Snow slopes are very common, and usually easy to ascend. At the foot of a snow or ice slope is generally a big crevasse, called a bergschrund, where the final slope of the mountain rises from a snow-field or glacier. Such bergschrunds are generally too wide to be stepped across, and must be crossed by a snow bridge, which needs careful testing and a painstaking use of the rope. A steep snow slope in bad condition may be dangerous, as the whole body of snow may start as an avalanche. Such slopes are less dangerous if ascended directly, rather than obliquely, for an oblique or horizontal track cuts them across and facilitates movement of the mass. New snow lying on ice is especially dangerous. Experience is needed for deciding on the advisability of advancing over snow in doubtful condition. Snow on rocks is usually rotten unless it is thick; snow on snow is likely to be sound. A day or two of fine weather will usually bring new snow into sound condition. Snow cannot lie at a very steep angle, though it often deceives the eye as to its slope. Snow slopes seldom exceed 40°. Ice slopes may be much steeper. Snow slopes in early morning are usually hard and safe, but the same in the afternoon are quite soft and possibly dangerous; hence the advantage of an early start.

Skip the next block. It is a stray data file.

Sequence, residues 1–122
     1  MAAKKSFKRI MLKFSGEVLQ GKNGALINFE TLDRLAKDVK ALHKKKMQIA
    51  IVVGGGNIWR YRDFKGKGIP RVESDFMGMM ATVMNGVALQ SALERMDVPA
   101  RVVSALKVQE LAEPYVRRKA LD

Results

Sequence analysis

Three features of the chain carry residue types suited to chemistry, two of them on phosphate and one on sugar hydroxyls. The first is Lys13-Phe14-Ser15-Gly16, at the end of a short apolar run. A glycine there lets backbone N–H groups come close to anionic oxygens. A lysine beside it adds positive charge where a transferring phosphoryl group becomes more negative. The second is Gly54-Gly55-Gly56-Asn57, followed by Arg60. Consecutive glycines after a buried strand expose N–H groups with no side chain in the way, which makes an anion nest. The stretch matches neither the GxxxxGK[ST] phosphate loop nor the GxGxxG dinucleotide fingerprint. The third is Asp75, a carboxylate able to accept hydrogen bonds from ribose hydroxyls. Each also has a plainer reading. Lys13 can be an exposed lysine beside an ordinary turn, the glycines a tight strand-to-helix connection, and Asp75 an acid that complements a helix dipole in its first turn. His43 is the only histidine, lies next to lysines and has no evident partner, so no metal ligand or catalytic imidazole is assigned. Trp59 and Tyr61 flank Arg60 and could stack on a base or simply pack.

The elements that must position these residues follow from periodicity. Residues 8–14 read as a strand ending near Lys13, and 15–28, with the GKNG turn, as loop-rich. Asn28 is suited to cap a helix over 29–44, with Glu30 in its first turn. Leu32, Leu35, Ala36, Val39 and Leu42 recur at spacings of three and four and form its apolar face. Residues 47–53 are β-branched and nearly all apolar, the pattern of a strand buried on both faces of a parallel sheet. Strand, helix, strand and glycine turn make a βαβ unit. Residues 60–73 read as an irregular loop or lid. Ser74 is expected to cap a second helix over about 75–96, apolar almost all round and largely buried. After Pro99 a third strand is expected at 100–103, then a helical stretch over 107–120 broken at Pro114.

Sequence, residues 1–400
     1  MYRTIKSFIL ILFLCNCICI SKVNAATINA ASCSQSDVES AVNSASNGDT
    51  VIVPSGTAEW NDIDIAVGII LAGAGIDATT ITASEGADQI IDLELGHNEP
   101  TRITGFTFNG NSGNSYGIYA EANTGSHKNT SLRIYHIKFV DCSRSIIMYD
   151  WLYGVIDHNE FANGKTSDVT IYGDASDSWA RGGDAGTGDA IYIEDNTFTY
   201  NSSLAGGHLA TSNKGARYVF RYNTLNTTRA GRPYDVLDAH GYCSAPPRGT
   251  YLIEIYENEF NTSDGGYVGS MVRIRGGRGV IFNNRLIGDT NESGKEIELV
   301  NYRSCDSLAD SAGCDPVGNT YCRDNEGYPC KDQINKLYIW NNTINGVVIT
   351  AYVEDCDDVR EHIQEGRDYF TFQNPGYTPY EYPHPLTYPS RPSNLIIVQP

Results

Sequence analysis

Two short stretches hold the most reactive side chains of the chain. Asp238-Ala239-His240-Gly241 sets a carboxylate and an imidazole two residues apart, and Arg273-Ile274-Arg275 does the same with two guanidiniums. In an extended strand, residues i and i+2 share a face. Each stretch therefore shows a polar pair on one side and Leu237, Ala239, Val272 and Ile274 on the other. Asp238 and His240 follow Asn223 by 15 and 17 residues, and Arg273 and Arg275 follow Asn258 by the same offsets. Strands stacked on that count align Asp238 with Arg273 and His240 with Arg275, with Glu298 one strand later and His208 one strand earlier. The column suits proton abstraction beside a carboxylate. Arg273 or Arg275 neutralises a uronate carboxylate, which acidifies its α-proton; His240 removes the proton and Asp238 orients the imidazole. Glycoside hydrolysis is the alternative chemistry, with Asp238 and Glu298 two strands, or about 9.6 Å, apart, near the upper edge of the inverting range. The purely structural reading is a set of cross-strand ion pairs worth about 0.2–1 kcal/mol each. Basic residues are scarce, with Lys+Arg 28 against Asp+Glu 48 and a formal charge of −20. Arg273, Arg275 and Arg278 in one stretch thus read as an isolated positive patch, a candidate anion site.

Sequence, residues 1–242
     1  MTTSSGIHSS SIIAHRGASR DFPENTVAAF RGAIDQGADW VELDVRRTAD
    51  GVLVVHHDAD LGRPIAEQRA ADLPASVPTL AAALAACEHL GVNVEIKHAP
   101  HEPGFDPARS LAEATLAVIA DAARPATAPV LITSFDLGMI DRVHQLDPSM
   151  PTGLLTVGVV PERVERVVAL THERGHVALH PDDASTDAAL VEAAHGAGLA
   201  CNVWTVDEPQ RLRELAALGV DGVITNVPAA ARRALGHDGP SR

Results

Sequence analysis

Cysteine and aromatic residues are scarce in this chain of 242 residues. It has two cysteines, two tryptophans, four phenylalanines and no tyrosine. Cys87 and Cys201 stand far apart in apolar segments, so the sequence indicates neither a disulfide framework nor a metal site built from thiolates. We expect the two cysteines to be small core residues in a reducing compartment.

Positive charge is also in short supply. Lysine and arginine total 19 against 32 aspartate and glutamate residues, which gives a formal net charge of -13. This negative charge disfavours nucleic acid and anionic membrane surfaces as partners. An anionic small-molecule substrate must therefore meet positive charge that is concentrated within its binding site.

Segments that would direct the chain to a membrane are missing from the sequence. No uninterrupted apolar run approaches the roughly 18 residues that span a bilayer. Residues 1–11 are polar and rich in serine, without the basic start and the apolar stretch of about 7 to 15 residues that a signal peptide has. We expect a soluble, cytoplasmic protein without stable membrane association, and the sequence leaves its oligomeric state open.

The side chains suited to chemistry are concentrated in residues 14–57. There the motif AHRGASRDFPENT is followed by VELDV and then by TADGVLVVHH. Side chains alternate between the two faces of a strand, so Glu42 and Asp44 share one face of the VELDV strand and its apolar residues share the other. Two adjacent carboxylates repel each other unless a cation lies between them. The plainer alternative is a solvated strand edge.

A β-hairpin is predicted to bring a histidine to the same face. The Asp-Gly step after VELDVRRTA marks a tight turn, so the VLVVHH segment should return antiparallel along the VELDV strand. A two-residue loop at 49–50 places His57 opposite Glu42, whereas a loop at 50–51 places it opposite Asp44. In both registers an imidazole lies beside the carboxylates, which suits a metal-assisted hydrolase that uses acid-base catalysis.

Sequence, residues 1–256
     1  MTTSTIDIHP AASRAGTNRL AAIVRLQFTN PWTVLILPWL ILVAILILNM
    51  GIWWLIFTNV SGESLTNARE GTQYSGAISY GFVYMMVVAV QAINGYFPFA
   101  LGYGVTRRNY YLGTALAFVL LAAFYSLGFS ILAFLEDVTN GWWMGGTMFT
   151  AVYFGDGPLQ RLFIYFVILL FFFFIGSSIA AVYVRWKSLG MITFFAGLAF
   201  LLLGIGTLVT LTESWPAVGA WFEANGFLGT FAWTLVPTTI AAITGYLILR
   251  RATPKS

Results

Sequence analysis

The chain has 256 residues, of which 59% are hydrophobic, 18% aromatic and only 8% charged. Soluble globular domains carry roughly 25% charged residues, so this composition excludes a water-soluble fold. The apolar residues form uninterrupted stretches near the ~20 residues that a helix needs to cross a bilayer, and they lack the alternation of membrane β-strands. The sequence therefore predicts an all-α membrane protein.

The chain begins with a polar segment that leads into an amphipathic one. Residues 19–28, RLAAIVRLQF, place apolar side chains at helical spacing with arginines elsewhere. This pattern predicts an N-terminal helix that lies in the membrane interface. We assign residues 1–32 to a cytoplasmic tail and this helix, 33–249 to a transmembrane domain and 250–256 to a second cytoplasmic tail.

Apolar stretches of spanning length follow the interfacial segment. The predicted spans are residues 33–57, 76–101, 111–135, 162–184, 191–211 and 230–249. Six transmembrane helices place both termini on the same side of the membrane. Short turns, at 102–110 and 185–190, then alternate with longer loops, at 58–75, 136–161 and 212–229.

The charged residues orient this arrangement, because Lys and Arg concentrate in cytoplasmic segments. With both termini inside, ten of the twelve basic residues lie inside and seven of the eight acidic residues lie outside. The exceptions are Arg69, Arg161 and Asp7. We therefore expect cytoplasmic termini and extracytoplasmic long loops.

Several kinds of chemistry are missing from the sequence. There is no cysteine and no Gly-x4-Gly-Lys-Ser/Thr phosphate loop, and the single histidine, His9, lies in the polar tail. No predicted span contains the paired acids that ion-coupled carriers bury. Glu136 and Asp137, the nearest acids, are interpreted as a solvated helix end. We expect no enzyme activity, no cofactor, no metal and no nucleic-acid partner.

Crevasses are the slits or deep chasms formed in the substance of a glacier as it passes over an uneven bed. They may be open or hidden. In the lower part of a glacier the crevasses are open. Above the snow-line they are frequently hidden by arched-over accumulations of winter snow. The detection of hidden crevasses requires care and experience. After a fresh fall of snow they can only be detected by sounding with the pole of the ice axe, or by looking to right and left where the open extension of a partially hidden crevasse may be obvious. The safeguard against accident is the rope, and no one should ever cross a snow-covered glacier unless roped to one, or even better to two companions. Anyone venturing onto crevasses should be trained in crevasse rescue.